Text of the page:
The file "solution.gpl" was created by DEAL.II. It turns out that no subdivision was carried out, so the information is actually on a completely regular grid. However, the data file is written in the general format, and begins this way:
# This file was generated by the deal.II library. # Date = 2013/7/5 # Time = 10:50:42 # # For a description of the GNUPLOT format see the GNUPLOT manual. # #-1 -1 0 SQUARE 1 VERTEX 1 (left bottom) -0.9375 -1 0 SQUARE 1 VERTEX 2 (right bottom) 1 line separates sides of square 2 -1 -0.9375 0 SQUARE 1 VERTEX 3 (left top) -0.9375 -0.9375 0.00812348 SQUARE 1 VERTEX 4 (right top) 2 lines separate square 1 from square 2 2 lines separate square 1 from square 2 -0.9375 -1 0 SQUARE 2 VERTEX 1 (left bottom) -0.875 -1 0 SQUARE 2 VERTEX 2 (right bottom) 1 line separates sides of square 2 -0.9375 -0.9375 0.00812348 SQUARE 2 VERTEX 3 (left top) -0.875 -0.9375 0.0140283 SQUARE 2 VERTEX 4 (right top) 2 lines separate square 2 from square 3 2 lines separate square 2 from square 3 -1 -0.9375 0 SQUARE 3 VERTEX 1 (left bottom) ...and so on...
Most finite element programs use triangles, rather than squares, when defining a grid for the solution. Thus, the GPL format must be modified if we have solution data organized as a list of triangles, for each of which we have the X,Y,Z values associated with each vertex, where Z of course is some function Z(X,Y) whose value was calculated by the finite element program.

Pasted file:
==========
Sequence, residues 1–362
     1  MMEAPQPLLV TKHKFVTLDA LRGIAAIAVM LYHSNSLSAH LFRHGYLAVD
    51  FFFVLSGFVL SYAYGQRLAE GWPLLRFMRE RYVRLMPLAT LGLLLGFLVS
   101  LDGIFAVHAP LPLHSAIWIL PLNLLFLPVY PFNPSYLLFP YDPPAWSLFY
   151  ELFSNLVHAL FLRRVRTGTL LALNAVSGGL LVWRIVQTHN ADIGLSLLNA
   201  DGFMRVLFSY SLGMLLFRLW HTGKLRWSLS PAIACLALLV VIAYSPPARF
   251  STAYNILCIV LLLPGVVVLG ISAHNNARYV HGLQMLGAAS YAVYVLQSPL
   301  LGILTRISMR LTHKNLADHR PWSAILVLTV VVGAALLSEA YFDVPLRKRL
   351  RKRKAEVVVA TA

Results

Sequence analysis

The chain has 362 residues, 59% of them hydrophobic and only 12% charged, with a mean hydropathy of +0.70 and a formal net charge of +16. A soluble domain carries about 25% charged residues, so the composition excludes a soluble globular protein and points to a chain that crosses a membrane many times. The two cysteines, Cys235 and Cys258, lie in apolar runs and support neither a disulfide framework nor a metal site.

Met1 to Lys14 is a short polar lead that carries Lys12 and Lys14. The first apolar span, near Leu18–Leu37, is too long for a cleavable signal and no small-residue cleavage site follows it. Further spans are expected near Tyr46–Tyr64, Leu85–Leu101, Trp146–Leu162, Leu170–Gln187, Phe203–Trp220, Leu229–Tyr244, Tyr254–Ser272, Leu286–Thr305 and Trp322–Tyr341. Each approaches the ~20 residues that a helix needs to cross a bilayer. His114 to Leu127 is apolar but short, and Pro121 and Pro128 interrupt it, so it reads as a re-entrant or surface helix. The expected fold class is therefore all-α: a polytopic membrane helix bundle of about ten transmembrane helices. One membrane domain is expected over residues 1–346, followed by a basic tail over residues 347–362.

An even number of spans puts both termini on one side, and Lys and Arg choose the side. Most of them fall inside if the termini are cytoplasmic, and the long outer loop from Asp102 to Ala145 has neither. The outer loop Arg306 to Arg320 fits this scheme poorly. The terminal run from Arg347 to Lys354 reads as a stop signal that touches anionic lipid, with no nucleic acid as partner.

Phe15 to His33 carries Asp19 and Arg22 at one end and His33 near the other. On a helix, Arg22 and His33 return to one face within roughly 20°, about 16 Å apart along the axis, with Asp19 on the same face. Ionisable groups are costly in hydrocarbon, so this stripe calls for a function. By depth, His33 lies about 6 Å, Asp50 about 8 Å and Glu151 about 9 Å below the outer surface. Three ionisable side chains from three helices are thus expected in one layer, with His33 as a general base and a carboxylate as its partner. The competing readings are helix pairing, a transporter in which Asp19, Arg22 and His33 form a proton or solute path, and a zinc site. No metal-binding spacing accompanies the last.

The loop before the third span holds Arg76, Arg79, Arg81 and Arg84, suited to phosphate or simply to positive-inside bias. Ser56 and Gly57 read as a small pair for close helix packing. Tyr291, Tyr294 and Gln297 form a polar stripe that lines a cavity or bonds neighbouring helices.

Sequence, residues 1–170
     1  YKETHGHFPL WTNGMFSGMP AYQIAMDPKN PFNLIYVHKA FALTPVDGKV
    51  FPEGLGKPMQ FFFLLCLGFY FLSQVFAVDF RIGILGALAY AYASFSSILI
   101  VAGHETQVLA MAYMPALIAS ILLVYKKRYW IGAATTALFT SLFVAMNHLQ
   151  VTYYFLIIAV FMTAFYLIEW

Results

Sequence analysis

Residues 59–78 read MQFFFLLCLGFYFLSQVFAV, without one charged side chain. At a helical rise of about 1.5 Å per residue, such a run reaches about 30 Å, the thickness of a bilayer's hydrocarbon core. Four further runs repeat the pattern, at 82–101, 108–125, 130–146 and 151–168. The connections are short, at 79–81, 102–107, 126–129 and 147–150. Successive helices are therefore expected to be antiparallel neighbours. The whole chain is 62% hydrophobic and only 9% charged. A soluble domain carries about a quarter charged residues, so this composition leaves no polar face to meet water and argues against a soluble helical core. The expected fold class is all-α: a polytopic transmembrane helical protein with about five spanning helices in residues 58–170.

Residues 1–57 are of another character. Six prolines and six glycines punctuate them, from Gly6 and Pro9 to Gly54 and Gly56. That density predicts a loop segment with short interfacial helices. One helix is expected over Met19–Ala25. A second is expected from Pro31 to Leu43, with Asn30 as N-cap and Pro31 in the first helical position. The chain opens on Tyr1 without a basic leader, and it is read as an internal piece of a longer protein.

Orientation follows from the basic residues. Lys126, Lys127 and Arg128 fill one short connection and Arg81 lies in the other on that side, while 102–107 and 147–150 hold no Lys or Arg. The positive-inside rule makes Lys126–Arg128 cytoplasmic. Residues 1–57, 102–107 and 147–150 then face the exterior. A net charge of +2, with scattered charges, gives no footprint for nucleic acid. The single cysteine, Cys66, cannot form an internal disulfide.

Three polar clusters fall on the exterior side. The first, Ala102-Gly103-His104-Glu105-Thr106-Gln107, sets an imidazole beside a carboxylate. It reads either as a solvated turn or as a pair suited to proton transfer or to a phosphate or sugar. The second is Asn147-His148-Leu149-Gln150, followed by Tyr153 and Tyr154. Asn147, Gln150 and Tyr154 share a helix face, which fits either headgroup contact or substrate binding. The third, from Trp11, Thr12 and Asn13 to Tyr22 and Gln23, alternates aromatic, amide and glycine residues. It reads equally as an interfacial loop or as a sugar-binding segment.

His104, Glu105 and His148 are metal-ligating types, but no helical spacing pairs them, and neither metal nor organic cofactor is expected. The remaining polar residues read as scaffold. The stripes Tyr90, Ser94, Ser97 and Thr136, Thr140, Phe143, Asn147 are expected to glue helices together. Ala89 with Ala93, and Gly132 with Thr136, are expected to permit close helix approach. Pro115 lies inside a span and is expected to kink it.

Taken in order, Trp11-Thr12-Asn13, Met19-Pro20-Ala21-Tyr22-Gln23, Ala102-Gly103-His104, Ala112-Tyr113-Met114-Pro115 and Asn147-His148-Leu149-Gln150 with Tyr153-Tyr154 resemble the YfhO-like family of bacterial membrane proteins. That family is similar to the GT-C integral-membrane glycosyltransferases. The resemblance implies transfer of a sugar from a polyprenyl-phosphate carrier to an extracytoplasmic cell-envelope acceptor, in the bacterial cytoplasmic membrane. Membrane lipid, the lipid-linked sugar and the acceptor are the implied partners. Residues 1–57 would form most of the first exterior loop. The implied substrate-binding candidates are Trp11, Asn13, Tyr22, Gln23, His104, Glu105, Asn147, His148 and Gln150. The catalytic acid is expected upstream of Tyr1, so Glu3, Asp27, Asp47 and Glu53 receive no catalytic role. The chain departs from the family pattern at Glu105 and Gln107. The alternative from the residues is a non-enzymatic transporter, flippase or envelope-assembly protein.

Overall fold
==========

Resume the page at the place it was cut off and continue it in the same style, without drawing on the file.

To draw the outline of a single triangle, we simply have to list the (X,Y,Z) values of the vertices, repeating the first vertex at the end:
x1 y1 z1 x2 y2 z2 x3 y3 z3 x1 y1 z1Now we actually have many triangles to draw. All we need to do is insert two blank lines into the file before listing the next triangle, and GNUPLOT will be able to display a 3D surface with any number of triangles. Here is how the file "ell.gpl" begins:
# ell.gpl # Data on triangles. # 0.000000 0.000000 0.000000 0.500000 0.000000 0.250000 0.000000 0.500000 0.250000 0.000000 0.000000 0.000000 1.000000 0.000000 1.000000 0.500000 0.500000 0.500000 0.500000 0.000000 0.250000 1.000000 0.000000 1.000000 0.000000 1.000000 1.000000